I saw the movie recently (which inspired me to find and read the book) and I couldn't help but laugh at the effects that awed and terrified me as a child though the basic plot is very evocative--it sort of stays with you in a way that keeps one laying awake at night, replaying the images again and again of the mirror like marshes reflecting the moon on their glass like surfaces before the impenetrable fog and mist rolls in, the clatter of the pony and cart, the screaming of a child and the woman in black watching. Possibly even, watching you.
As for the book itself it was a little slow to start, perhaps because I was anxiously waiting for the Woman, but I was rewarded because it is a slow build, stacking the creepiness of the surroundings, the isolation and the malevolence of the haunting into one overwhelming, if inevitable, finish. A very good ghost story, in my opinion, but again I may be a little biased as I have loved the movie for a very long time....more
I don't know if I'll be able to convey just how badly written/edited/constructed this book is but boy will I make a valiant effort.
If I could give thI don't know if I'll be able to convey just how badly written/edited/constructed this book is but boy will I make a valiant effort.
If I could give this a negative star-rating I would choose a -10 for "don't-bother-save-yourself-the-trouble/money-and-just-say-NO-before-you-start-banging-your-head-on-the-wall-after-every-chapter". I even had a dream (before I finished the book) about writing a review giving it a negative-star review because, yes, it IS that bad. If I hadn't been participating in a book reading challenge I would've tossed this book into a bonfire after chapter 2 and not persevered with this rubbish.
Which, honestly is a shame. I naively thought, "Hmm, lighthouses, I like lighthouses". Goodbye lighthouse after Chapter 2 (I don't really count the nonsense with Josephine because at that point it became, "Oh, she's not been angsting for five sentences LET'S GIVE HER A REASON TO MOAN ABOUT HER LIFE AGAIN").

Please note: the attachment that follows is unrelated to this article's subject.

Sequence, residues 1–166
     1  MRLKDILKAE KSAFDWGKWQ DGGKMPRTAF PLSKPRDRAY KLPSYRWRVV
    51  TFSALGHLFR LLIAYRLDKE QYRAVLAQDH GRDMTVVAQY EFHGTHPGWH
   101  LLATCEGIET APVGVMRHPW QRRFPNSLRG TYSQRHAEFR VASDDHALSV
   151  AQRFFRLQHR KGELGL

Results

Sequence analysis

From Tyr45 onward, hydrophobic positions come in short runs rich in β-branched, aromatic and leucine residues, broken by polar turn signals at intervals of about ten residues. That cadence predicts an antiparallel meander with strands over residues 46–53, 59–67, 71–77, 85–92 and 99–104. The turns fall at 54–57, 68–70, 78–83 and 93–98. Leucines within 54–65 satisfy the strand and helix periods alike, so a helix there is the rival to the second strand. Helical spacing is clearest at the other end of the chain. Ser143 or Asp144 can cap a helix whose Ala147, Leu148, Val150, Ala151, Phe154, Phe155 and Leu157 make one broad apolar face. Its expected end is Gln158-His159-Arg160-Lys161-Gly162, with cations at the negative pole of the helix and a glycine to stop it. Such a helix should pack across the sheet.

Was it necessary for the author to vomit Addie's back-story/mystery/Mary-Sue-character-introduction at us within the first two chapters? Oh, sorry, I guess it WAS necessary to neglect writing a proper mystery set-up when clearly all the author cares about (God aside which I'll get to later), was the ridiculous romance between John and Addie where, naturally, the first moment they lay eyes upon one another they're in love. Does the author, at least, show us how these two people could fall in love? Does the author bother to show us how and why the reader should like her characters? The answers are no and no. Most of the cast are two-dimensional at best and I'm sorry to say we are generally told what to think about the main characters. Addie is an "angel in skirts" but are we truly shown any outstandingly angelic behavior on her part? No and no, I do not count the arbitrary/unnecessary mother-of-five-has-consumption-woe-child-labor-in-1907 episode on the grounds that it was so obviously contrived (and utterly left-field in its bizarre placement). Is John really anything beyond the physical impulses Addie stirs in him (and what's the point of giving him a dead wife if all she does is serve as a point of comparison, oh, did we mention his wife is Addie's half-sister/cousin, daughter of her mother's half-sister and therefore her half-aunt/step-mother)?